By all accounts, Carly Fiorina impressed many voters and pundits in the first (undercard) debate and has increased her standing among her primary competitors. Since she has moved up in the polls, the cannabis community needs to examine her record on marijuana policy. While she certainly remains a longshot for the presidential nod, she will likely be on the short-list of vice-presidential candidates for the eventual GOP nominee. Despite describing marijuana legalization as “a very bad idea,” Carly Fiorina said she respects the right of states to legalize the plant, as was done in Colorado, Washington, Oregon, and Alaska. Fiorina, the former HP executive turned presidential candidate (the only woman running in the Republican primary), has an interesting perspective on marijuana policy, and while she holds some pretty anti-drug positions, she has also acknowledged the need for a new approach to the way drugs are treated in the United States:
“I believe in states’ rights. I would not as president of the United States enforce federal law in Colorado where Colorado voters have said they want to legalize marijuana,” Fiorina told the editorial board of The Des Moines Register in an interview. “As I think I’ve tried to convey, I don’t think that overreacting to illegal drug use is the answer.”
“I’m a states’ rights advocate. I respect Colorado’s right to do what they did. Okay? They are within their rights to legalize marijuana, and they are conducting an experiment that I hope the rest of the nation is looking closely at,” Fiorina said. “You’re asking my personal opinion. My personal opinion is the legalization of marijuana does not help us. Are they within their rights? Yes.”
On this issue, Carly Fiorina sides with the likes of Jeb Bush, Ted Cruz, and Rand Paul, all Republican candidates that, while not openly enthusiastic about marijuana legalization, have expressed their support for states’ right to legalize marijuana in spite of federal prohibition. Other candidates, such as Chris Christie or Marco Rubio, disagree with Fiorina and have vowed to nullify state marijuana laws should they make it to the Oval Office.
Carly Fiorina’s drug policy views come in great part from her personal experiences. In 2009, Fiorina was diagnosed with breast cancer and declined to use medical marijuana as part of her treatment, having been told that “It is a chemically complex compound and we don’t understand how it interacts with other medicines, we don’t understand how it interacts with other things you’re doing in your life.”
While there are significant obstacles to conducting marijuana research in the United States, “prescribing information for […] medical marijuana does contain drug interaction information,” and numerous studies point to marijuana’s effectiveness and safety in the treatment of diseases like cancer. In fact, marijuana is one of the most researched plants in the world, having been the subject of over 20,000 scientific studies.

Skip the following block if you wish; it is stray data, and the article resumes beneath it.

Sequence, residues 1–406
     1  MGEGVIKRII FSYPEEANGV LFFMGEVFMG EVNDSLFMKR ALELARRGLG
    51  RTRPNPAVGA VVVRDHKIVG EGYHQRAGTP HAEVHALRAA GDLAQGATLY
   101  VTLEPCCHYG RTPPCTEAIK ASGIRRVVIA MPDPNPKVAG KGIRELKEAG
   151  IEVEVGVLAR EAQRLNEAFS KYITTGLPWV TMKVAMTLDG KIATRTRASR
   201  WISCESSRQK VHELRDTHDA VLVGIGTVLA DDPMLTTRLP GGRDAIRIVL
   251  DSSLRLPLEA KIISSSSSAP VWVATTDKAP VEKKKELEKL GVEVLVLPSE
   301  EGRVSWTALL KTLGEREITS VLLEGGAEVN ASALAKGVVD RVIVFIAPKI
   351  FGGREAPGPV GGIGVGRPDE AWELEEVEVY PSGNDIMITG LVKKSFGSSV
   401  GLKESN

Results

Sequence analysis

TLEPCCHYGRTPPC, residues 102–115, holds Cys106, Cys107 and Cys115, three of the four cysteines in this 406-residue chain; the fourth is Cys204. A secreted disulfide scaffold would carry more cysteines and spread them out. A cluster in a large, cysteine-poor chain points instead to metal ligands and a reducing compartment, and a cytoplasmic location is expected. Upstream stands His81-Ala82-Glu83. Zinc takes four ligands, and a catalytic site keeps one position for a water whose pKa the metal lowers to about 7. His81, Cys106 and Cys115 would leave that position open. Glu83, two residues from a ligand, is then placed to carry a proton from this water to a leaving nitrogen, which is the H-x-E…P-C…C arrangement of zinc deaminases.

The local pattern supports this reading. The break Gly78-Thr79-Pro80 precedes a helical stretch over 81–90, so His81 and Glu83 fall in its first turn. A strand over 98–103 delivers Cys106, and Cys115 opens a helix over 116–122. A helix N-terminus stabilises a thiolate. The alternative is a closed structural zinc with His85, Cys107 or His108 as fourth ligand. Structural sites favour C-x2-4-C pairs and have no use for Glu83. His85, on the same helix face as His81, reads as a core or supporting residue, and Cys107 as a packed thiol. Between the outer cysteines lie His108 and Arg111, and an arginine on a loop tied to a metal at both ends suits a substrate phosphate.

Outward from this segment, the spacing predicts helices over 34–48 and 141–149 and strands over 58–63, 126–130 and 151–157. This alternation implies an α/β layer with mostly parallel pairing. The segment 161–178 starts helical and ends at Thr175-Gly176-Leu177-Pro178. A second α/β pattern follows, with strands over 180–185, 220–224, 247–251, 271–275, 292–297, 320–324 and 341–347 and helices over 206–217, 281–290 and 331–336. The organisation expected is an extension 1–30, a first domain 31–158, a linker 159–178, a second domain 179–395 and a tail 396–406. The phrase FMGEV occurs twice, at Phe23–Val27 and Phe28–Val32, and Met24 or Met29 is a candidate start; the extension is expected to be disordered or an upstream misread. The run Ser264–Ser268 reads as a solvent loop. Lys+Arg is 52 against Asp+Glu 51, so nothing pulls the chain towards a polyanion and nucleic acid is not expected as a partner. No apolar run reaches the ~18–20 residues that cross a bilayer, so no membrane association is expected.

The issue of drugs is a personal one for Carly Fiorina, who six years ago lost her stepdaughter to drug addiction. While she openly opposes marijuana legalization and appears to hold generally anti-drug views, Fiorina’s statements also suggest she may be more compassionate to drug users after witnessing the real-life impact of American drug policies:
Still, Fiorina argued on Thursday for changes to criminal justice policies related to drug use and to a culture that often stigmatizes treatment.
“We know that we don’t spend enough money on the treatment of drug abuse. When you criminalize drug abuse, you’re actually not treating it. We had a daughter who died of addictions, so this lands very close to home for me,” Fiorina said, referring to her stepdaughter Lori, who died in 2009 at age 34. “When we are criminalizing abuse, it is a cost to society. We’re not helping the people who need help.”
As far as her position on marijuana legalization itself (as opposed to decriminalization or the conflict between federal and state laws), Carly Fiorina remains a supporter of prohibition. In 2010, when she was running for Governor in California, Fiorina opposed the state’s Proposition 19, which would have legalized marijuana and regulated it like alcohol. When the topic is brought up, Carly Fiorina seems intent on debunking the supposed equivalence between marijuana and alcohol, arguing that “we need to tell people the truth that marijuana is not like having a beer with your buddies.”
In this sense, Fiorina is not wrong: marijuana is much safer. Unlike alcohol, marijuana use is not associated with crimes of violence, and numerous studies suggest it is virtually impossible to die as a result of its consumption. According to recent studies, allowing people to purchase marijuana has been shown to reduce drug-related harm, including overdose deaths, and it has been suggested that opening up marijuana bars could help curb the societal impact of alcohol, which each year is responsible for “approximately 88,000 deaths and 2.5 million years of potential life lost.”